• Crossroads: It Was Never Good Enough

    Sep 12, 2014

    By:  Kristin Hauser, Sophomore
    Given at Connections: A First Year Gathering (08.23.14)

    So, you know that “ah-ha!” moment that a lot of people have when they finally kind of “get” life? Well, mine happened in 8th grade just around the time I was about ready to be confirmed. Now, I’ll spare you the details because it’s kind of a weird story, but what’s actually important to know is the result of this conversion moment. Because, you see, after this point I was totally on fire for God. I can’t even explain it, but all I wanted was to be closer to Him and so that yearning that I had in me gave me such a heart for service. I wanted to work at every soup kitchen, feed every homeless person, and donate to every one of those commercials with the little kids that you see on TV. And honestly, I pretty much did. Throughout high school I managed to go on 11 different mission trips, racking up countless hours of service in my own community and all over the country.

    But here’s the thing: it was never good enough. No matter how much I served or did or tried to do, I could never do everything. I mean, nobody can. But that’s not what I told myself. Because I had it in my head that the way I proved I loved God was by doing (and succeeding) at the things I did for Him. Well, that didn’t work out so well because I’m human and so I mess up all the time. And every time I would try so hard to take that to the Lord in reconciliation and every time, I just kept making the same mistakes over and over again. I just kept failing over and over and over and I couldn’t figure out why until one day, I was reading in the book of Matthew. And in the gospel Jesus says that we’re supposed to love our neighbors as ourselves. And I’m thinking, “okay, I love my neighbor.” but then the as yourself part kind of jumps out at me. So I read it again, “love your neighbor as yourself.” It was in that moment that I think I realized I have to know my own worth before I can even begin to understand how to respect someone else’s. All those good things that I was doing were great, but they didn’t define me. And all the times that I messed up, that I turned away from God and turned towards sin, well those instances didn’t define me either, but I was totally living as if they did. I kept making the same mistakes over and over again because I thought that those mistakes were who I was. And even though I knew God forgave me every time, I couldn’t forgive myself enough to accept His mercy and work for change in my life.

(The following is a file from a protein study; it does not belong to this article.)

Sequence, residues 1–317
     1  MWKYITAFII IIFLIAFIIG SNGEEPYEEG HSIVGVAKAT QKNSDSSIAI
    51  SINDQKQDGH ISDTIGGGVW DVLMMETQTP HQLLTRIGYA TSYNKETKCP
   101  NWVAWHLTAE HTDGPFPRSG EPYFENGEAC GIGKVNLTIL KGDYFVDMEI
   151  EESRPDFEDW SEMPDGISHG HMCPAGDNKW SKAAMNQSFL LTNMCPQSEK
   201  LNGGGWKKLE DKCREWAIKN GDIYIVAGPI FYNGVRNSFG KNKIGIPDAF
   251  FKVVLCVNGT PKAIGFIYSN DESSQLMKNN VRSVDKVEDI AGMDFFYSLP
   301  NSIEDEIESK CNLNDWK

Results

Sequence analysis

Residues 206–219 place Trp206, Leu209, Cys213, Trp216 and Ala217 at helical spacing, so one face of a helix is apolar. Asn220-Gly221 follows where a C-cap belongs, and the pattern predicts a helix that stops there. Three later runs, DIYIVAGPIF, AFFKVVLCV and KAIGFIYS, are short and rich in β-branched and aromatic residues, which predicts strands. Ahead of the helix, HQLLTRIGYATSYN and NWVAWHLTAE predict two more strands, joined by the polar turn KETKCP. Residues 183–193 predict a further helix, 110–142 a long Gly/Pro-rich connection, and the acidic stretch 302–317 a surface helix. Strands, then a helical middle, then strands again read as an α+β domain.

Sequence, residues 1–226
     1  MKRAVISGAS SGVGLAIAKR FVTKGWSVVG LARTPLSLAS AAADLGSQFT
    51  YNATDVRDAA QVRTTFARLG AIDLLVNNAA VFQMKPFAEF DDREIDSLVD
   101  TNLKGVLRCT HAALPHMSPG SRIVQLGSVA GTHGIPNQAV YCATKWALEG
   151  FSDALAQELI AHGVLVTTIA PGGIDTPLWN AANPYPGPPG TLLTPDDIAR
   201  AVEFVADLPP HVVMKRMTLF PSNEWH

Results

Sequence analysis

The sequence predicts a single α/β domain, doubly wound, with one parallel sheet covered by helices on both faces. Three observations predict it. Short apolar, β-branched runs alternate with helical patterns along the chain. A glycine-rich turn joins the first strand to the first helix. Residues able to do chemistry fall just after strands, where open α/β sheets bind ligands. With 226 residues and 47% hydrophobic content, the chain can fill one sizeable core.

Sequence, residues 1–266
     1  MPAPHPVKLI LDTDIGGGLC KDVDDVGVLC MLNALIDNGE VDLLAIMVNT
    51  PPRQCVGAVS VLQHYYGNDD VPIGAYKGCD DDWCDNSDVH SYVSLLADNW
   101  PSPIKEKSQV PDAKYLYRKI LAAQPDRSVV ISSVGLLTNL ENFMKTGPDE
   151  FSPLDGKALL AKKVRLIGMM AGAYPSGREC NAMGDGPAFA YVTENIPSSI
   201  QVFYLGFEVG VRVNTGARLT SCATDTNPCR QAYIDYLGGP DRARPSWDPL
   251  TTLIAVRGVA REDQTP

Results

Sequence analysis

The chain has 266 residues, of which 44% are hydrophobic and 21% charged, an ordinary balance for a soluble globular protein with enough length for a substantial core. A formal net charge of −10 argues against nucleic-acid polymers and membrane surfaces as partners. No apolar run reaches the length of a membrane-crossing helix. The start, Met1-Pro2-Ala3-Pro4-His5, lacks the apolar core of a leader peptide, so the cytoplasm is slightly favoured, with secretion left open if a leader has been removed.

Forgiving others is so incredibly important, but the struggle that’s always been on my heart in regard to reconciliation is forgiving myself. It’s always been a fight and I know that it probably always will be, but I think the take-away point and the thing that I learn out of all of this. All of these unrealistic expectations and over-commitment and days of anxiety and guilt, I think what I learned is that when we sin, when we mess up and we think that there is no reason for God to ever take us back (but He does, because He’s awesome and beautiful and merciful and loves us ridiculously), instead of dwelling on our mistakes, instead of laying on the ground and wallowing in how dumb we are, we get up. We get up and we run towards Christ. And let’s face it, we’re going to fall again. We’re going to mess up sometimes, but the hope and the redemption in the story is that God will always take us back, if we let Him. So my encouragement to you today is simply that: to get up. To get up from wherever you are and simply seek the Lord today. Because our worth is not in what we say or what we do or what we don’t do: our worth is in Him, and He will always take us back if we let Him.  

  • Living Word: Francis and the Leper

    Sep 10, 2014

    By: John Shelton, Campus Minister

    Leprosy is a disease that is still “alive and kicking” in our world- with thousands of leprous people living in poorer lands with unclean health conditions. St. Francis’ death, as recorded by his companions, was gruesome.  He suffered physically, and was blind at his death. In his adult –stage, life long association with serving lepers, he became one of them. Just as Christ became one of us.